Coal mining has been a vital part of West Virginia's economy for generations. Many of today's mineworkers are the descendants of those who toiled long ago for the coal that keeps our state running. Technology has improved mine conditions greatly, making it safer than the miners of yesteryear ever could have dreamed. That being said, though, coal mining is still one of the state's - even the country's - most dangerous jobs.
Four men have already lost their lives in mining accidents in 2013, prompting public inquiry and government inspections into the condition of the working environment of the average mineworker. Two men died in accidents involving coal scoops, one after being pinned by a jack from a coal filter, and one after impact from a dislodged part of a loaded supply car. Governor Earl Ray Tomblin has declared a "statewide time out" to call attention to mine safety.
The Government In Action
Since mining is such an important part of West Virginia's economic livelihood, there is a dedicated government agency – the Office of Miners' Health, Safety and Training – devoted solely to ensuring the safe operation of the more than 50 active, minable coal seams across the state. The OMHST not only regulates and licenses coal operations, but also is the primary agency responsible for investigating on-site accidents affecting operations.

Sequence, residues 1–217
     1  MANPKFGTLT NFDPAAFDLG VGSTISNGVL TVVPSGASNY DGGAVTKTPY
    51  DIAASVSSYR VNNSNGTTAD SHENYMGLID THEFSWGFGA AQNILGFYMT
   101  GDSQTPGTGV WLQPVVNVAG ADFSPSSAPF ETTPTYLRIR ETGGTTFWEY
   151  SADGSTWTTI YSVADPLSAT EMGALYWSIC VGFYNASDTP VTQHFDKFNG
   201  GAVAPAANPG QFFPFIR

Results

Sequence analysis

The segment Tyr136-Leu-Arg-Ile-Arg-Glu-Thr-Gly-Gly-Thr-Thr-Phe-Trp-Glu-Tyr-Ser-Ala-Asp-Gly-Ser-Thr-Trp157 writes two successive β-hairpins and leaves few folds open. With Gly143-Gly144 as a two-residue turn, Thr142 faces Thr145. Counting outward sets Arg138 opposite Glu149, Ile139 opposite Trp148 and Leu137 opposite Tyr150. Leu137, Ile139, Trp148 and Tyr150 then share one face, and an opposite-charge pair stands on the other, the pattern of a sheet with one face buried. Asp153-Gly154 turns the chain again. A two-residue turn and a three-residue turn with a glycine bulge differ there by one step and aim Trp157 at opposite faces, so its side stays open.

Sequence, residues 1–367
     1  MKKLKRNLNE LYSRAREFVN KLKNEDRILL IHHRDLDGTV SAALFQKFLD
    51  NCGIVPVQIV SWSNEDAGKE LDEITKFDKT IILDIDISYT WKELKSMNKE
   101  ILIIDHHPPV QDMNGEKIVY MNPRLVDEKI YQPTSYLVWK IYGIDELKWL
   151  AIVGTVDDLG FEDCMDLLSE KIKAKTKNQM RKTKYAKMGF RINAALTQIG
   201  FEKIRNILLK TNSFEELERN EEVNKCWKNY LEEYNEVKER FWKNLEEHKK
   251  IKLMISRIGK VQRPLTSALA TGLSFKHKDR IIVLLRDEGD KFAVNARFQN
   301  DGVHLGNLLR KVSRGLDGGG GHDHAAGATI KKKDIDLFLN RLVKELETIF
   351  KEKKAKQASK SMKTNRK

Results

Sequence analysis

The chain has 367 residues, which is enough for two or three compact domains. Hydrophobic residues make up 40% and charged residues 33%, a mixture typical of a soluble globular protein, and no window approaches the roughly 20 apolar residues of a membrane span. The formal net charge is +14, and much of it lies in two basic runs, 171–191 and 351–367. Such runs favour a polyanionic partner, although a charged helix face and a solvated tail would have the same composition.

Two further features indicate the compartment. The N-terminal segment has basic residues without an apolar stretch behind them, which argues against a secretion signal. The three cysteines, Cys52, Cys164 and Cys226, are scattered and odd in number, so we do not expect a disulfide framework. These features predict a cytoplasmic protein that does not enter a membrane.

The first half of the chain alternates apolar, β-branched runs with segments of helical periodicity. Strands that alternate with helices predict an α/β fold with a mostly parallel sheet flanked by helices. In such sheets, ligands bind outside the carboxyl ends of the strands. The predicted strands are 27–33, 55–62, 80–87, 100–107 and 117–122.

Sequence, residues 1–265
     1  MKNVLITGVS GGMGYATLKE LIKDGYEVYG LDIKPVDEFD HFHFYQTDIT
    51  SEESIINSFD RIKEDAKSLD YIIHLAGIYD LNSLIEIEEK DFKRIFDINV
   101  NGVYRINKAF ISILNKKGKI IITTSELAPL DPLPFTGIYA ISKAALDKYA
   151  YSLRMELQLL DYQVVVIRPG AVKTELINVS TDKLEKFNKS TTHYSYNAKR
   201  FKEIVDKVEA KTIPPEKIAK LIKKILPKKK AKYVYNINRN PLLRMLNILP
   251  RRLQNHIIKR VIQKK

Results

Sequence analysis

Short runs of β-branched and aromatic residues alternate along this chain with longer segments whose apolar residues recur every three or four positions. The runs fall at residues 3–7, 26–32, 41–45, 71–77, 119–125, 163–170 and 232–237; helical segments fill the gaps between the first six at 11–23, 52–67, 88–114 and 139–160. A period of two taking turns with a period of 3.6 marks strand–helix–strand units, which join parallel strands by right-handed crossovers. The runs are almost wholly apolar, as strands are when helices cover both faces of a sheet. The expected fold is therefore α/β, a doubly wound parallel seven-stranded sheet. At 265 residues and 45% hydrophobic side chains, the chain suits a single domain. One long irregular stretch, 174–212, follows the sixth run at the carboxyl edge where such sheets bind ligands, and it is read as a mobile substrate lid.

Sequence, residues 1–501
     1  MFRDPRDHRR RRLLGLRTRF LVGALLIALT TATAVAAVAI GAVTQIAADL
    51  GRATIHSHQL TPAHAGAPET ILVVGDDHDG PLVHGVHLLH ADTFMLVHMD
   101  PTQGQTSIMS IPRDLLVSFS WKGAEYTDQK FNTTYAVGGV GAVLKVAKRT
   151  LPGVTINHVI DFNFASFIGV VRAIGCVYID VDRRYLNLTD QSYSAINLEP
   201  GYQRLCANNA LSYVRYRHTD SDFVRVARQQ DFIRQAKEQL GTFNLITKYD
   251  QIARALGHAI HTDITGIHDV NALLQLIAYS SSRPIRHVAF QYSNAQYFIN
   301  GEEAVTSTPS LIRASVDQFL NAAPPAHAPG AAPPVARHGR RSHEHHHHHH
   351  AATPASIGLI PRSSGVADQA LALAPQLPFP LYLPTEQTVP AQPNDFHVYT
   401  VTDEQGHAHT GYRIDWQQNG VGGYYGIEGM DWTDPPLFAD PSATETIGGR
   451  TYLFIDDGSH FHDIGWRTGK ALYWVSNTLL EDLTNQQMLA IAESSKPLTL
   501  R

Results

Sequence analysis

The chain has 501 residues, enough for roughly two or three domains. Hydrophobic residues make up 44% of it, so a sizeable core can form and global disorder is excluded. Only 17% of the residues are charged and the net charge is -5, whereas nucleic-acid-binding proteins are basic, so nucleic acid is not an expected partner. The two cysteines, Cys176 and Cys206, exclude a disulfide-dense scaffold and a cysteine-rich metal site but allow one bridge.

The investigations into the tragic accidents that have already taken lives this year are ongoing, but numerous fines and violations have been issued at nearly every coal operation in the state in recent years. Data released by the OMHST shows that at least one of the fatal accident sites this year has been cited for numerous violations, including several others that could be potentially deadly, like:
- Accumulation of flammable coal dust
- Damaged power cables/improperly grounded electrical equipment
- Insufficient ventilation
- Trash holes filled with combustible materials
- Lack of a proper emergency alarm system
Sadly, no amount of subsequent remedial safety measures will ever bring back the men that have been lost, but improving safety could save lives in the future. Holding mining companies accountable for the negligent and reckless actions that take place in their mines, the "cut corners" that increase profits and the lack of proper safety protocols can also go a long way toward fostering an environment where the health and safety of the workers is paramount, and given emphasis above earning money.
If you have been injured, or you have tragically lost a loved one in a coal mining accident, speak with an experienced personal injury attorney in your area to learn more about your legal rights and options you may have to hold the responsible parties accountable for your losses.